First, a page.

There’s a TV show on the National Geographic called ‘Doomsday Preppers.’ The show describes itself as one that follows ‘otherwise ordinary Americans who are preparing for the end of the world as we know it.’ In fact, there is a whole sub-culture in the United States of ‘preppers’—other outlets include Be Ready magazine, which explores ways of preparing for natural or manmade disasters.
Of course, the end of the world has always been something of a preoccupation for humankind: we all remember the Y2K mania and the Nostradamus prophecies. The running joke in Goscinny and Uderzo’s classic comic series Asterix, is that the villagers constantly fear the sky falling on their heads.
Is this the reality, Nadim Abbas invoked in his Absolut Art Bar commission at Art Basel in Hong Kong this year? Titled Apocalypse Postponed the thematic premise was a post-apocalyptic bunker environment that draws inspiration from science fiction films, 20th century military architecture and defensive plans. The result was a space that invoked the cyberpunk visions of Ridley Scott’s Blade Runner and Robert Longo’s Johnny Mnemonic. Yet, judging from the performance programme—which included an anime drag performance by Ming Wong—the irony of Abbas’s chosen theme was thick: this was a project that posited the idea that a postponed apocalypse is in fact an eternal apocalypse; or in other words, a permanent crisis. This idea resonates today as we enter the 21st Century on an edge. Everything seems permanently on a tipping point: the environment, the economy, our politics.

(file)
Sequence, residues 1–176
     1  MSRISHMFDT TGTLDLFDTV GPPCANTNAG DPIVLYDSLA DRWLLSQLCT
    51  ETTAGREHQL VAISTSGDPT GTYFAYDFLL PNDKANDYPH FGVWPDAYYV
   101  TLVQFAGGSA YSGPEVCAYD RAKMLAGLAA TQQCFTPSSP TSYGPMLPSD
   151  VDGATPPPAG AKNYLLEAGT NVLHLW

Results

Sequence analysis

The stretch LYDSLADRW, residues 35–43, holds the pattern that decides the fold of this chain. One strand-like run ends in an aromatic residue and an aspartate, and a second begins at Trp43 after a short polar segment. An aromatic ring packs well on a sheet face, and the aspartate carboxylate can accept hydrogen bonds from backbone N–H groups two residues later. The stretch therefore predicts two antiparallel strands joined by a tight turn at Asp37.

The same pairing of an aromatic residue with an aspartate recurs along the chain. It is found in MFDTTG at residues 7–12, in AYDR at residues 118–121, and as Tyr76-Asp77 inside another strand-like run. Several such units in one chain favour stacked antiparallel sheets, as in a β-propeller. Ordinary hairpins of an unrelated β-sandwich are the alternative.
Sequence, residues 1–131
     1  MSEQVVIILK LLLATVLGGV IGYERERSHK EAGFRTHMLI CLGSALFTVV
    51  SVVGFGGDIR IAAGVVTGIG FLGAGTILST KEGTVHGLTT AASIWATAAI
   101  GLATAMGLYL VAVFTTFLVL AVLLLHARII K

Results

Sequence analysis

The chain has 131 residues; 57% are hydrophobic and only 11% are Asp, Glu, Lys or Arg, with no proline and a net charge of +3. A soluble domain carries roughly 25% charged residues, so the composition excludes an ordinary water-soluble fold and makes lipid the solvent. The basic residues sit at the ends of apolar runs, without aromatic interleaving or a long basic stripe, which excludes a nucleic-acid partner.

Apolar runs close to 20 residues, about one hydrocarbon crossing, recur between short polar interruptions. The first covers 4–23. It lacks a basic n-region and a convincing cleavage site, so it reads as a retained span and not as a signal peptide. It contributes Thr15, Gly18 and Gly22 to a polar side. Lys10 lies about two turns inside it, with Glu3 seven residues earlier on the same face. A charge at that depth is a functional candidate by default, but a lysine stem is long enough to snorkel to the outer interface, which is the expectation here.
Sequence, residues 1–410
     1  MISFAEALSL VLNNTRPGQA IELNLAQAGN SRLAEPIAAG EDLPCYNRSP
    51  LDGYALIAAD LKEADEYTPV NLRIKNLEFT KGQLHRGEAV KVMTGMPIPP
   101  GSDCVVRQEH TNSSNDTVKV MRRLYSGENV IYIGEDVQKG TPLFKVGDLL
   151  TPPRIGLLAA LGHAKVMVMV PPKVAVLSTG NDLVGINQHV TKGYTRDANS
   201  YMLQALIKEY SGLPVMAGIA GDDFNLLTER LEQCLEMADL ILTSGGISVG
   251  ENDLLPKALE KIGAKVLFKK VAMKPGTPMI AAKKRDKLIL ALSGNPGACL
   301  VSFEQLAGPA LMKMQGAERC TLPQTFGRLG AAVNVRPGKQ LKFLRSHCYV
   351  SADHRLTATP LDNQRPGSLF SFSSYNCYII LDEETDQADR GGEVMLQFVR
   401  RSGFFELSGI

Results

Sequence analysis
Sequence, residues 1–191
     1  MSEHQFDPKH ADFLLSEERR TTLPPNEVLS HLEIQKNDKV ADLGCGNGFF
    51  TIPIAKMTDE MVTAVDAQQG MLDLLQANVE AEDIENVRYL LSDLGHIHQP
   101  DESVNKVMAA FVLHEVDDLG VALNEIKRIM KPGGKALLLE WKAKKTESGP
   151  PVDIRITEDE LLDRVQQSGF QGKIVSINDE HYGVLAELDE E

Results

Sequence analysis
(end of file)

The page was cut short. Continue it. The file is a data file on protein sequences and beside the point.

Recently in a New York Times article, Roy Scranton even posited that today, ‘ the biggest problem we face is a philosophical one: understanding that this civilization is already dead.’ The sooner we confront this, Scranton continues, ‘the sooner we can get down to the hard work of adapting, with mortal humility, to our new reality.’ And what better place to start thinking about how to emerge from our collective death than the notion of a bunker—the place in which we might at once protect ourselves from our fears, while succumbing to the lures of our own paranoias? After all, in thinking about the visions of future apocalypses projected to us through literature and film, it is from a bunker that the new world will emerge. The question, then, of what we would hoard—what we deem worthy of preserving during the end times—becomes the message in a bottle not only to the future, but to the present.
Thinking about this, Ocula asked Nadim Abbas what he would take with him into his bunker, a space he designed so as to become a contained space in which temporalities are skewered. Fittingly, his answers to the question are a curation of books, movies and artworks that place importance on memory: an ark in which ideas for the future might be discovered and developed.
1. Two books: Henri Bergson’s Matter and Memory and Søren Kierkegaard’s Either/Or.
2. One Album: Current 93, Earth Covers Earth.
3. Two historical artworks: Manet's Olympia and something by Henry Darger.
4. A contemporary artwork: Mike Nelson's, A Psychic Vacuum, 2007.
5. Two movies: Chris Marker’s Sans Soleil and Stanley Kubrick’s Full Metal Jacket.